After working on those on our own for a while, Buck had us see if we could take a soft feel on the reins and practice a bit of longitudinal flexion at the walk. Then we'd take a soft feel and stop; then walk forward; then do a serpentine or 180/180 - basically we mixed it up a bit with all the things we had been practicing. He had us change direction with purpose, paying attention to our timing . . . this is a funny thing. Not ha-ha funny, but interesting. I find I'm guilty of this so often, and I saw other people in the other classes were, too. When doing an exercise, one can be so intent on trying to do it right - there's a lot of try there and a lot of attention to detail. Yet when the exercise is over and we stop for a break or chit chat, we stop feeling of the horse, we stop riding. The first time I noticed he drew attention to this was with one of the riding classes earlier in the clinic. When he asked people to reverse direction, they just fell apart and stopped focusing on their feel and timing. I don't know why that is, but I get it and I'm guilty of it as well. Basically, we should be riding with purpose and quality all the time!

Buck mentioned a time when he was riding one of his horses . . . actually, I don't remember the set-up, but I don't think it was in a clinic. Anyway, he came in from his ride and someone asked him how it went and he said he had a good ride. The other person said "but you didn't do anything, you just stood there!" Buck commented that to an outsider maybe that's all it looked like; but to him, he was developing feel and timing the whole time. He was working with the horse on such a subtle level of shifting weight in response to cues that to someone who wasn't paying attention, it looked like nothing was going on. That level of subtlety is certainly something to strive for!

In our closing circle Buck said he was proud of all of us - we tried hard, we did good work, the horses progressed throughout the clinic. On the first day he said he "hates Fridays and loves Mondays" because Fridays are a bit chaotic, but Mondays are the days when it all comes together and you can see the results of everyone's efforts. It was a bit melancholy, too - the energy had changed because we'd all be leaving after this.

I wish I could do the clinic justice in my writings here. He shared so many stories, but if I wrote them all down at once it would make your eyes bleed from reading them! I learned so much by watching so many different teams work together. I learned so much by listening to his lesson-disguised-as-an-anecdote. You may think he just has funny stories to tell, but each one is a lesson in humility, grace, leadership, and life.

My goal is to continue attending clinics, to continue watching my 7 Clinics DVDs over and over and over again, to seek out quality people to learn from, to trust my own instincts when it comes to my horse, to never stop learning. It was truly a life-changing experience. And you know what? The last day Mac didn't call out to anyone while we were in class - that was my question for Buck at the beginning, and at the end, I had Mac's full attention. Well, almost . . . at the very end of class, in our closing circle, Winnie his neighbor and new love did quietly nicker at him - and he nickered back.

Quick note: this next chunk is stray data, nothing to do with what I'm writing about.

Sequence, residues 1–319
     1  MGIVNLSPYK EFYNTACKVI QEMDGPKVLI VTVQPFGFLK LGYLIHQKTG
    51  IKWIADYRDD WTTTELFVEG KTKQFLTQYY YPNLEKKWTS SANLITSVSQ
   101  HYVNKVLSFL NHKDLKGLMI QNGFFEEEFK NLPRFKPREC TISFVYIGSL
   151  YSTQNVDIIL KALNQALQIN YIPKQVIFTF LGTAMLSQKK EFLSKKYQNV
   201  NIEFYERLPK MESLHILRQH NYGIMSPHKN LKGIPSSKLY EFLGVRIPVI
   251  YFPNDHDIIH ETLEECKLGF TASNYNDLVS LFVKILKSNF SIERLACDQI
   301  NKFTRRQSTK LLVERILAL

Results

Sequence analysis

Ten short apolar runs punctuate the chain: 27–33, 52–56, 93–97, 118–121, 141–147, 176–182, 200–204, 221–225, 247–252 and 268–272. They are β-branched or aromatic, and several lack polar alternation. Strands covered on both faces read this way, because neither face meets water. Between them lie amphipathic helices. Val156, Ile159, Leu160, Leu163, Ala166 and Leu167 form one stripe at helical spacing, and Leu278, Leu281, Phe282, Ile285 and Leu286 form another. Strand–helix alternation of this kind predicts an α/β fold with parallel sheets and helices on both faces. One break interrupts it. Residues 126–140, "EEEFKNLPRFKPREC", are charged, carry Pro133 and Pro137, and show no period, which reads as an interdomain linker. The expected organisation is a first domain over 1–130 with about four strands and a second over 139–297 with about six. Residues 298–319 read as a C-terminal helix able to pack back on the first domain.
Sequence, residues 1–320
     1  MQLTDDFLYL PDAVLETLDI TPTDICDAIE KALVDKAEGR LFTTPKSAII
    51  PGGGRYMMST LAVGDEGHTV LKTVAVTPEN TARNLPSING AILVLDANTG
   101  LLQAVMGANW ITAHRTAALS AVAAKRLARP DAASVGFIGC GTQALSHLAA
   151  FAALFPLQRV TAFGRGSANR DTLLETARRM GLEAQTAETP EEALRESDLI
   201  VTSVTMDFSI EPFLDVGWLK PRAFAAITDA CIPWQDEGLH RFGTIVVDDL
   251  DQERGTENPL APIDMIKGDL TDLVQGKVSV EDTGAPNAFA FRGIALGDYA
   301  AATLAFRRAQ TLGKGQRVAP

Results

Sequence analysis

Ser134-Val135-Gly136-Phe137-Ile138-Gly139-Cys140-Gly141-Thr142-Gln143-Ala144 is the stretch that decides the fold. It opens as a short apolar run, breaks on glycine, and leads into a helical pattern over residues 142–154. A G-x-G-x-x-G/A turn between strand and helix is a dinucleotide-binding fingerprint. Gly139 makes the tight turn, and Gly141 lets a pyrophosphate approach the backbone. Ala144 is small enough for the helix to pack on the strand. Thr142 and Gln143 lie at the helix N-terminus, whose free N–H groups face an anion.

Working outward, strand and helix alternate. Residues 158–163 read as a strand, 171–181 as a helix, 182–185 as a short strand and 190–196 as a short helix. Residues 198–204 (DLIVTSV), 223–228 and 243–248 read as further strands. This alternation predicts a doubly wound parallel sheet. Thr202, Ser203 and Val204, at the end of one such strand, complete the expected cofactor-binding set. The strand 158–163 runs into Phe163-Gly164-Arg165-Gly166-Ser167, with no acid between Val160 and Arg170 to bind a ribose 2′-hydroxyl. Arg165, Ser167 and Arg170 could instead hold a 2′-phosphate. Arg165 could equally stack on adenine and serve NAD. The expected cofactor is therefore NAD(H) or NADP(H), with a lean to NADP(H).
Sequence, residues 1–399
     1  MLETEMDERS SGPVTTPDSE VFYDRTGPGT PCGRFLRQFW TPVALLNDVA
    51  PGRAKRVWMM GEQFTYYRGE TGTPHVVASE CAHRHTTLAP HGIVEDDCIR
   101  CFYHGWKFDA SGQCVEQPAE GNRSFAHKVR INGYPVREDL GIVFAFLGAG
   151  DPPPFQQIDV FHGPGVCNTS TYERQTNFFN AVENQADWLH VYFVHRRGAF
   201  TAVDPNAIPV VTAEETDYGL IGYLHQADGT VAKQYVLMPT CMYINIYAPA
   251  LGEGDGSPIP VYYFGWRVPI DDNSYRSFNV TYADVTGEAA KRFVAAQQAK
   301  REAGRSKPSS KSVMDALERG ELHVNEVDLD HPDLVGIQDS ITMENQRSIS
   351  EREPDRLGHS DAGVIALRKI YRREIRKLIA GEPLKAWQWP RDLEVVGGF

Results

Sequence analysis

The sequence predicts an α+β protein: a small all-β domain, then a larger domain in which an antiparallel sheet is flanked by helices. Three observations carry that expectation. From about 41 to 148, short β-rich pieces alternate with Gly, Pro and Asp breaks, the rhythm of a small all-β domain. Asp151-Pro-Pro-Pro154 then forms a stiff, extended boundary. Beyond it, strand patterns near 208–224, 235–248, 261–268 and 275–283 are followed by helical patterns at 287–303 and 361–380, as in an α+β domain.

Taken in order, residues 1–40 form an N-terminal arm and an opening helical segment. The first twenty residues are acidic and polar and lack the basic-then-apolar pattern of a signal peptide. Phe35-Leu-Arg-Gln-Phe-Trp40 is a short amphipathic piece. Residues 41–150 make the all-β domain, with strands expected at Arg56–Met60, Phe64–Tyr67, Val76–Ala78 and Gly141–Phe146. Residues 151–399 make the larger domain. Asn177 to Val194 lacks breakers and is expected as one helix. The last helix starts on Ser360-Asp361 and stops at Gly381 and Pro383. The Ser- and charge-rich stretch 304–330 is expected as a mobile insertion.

There was a photographer there who was taking pictures but I think it will take a while for her to get them up, so I'll share just one more that my friend took. This is me and Mac. I'm hot and sweaty after day 2 and I'm waiting to have my picture taken with Buck. Mac is calling out to one of his many friends, so his nostrils are flared. But I love the alert expression in his eye, the strength of his head, the trust he places in me to lead him through this adventure.

Wednesday, May 8, 2013

Buck Brannaman clinic - day 3

Mac was calmer the morning of day 3 - not that he was ever NOT calm, but it took less preparation to get him settled after walking into the arena. Again, we started with ground work and this time it was practicing the in-hand flexions that were our homework. We did some lateral flexions, longitudinal flexions, and backing in hand from the ground. For the backing exercise, he wanted the horse to be able to back in a straight line (it was ok to use the wall) by a soft feel on the slobber strap and then come right forward from a soft feel as well. The goal here was to get rid of any bracing that the horse holds in a transition from forward to back / back to forward. Eventually he said we would want to try to just rock the horse and shift his weight without him taking a step - shifting from side to side or front to back to front to back, etc.

The next backing exercise was backing in a circle. Basically the horse is slightly flexed in one direction, and the feet move in the opposite direction to create the circle. As I found out in my homework from the night before, it is much easier to break this down into quarter-circles before attempting an entire circle at one go. Eventually under saddle you would be able to do this exercise and then using an opening rein move the forehand over like in the 180 exercise . . . you're just going backward first.

Then Buck told us to mount up and we'd start our work under saddle. He mentioned riding with the flag and how you might do that and ride one-handed so you can use the flag as a back-up aid, or also to get the horse used to having the flag coming from above while under saddle. Here's Mac with the flag:

And another where you can see he's going to step over with his hind end (I think that's his girlfriend's butt in the foreground):

And Mac trying to get Reuben's attention because they were friends: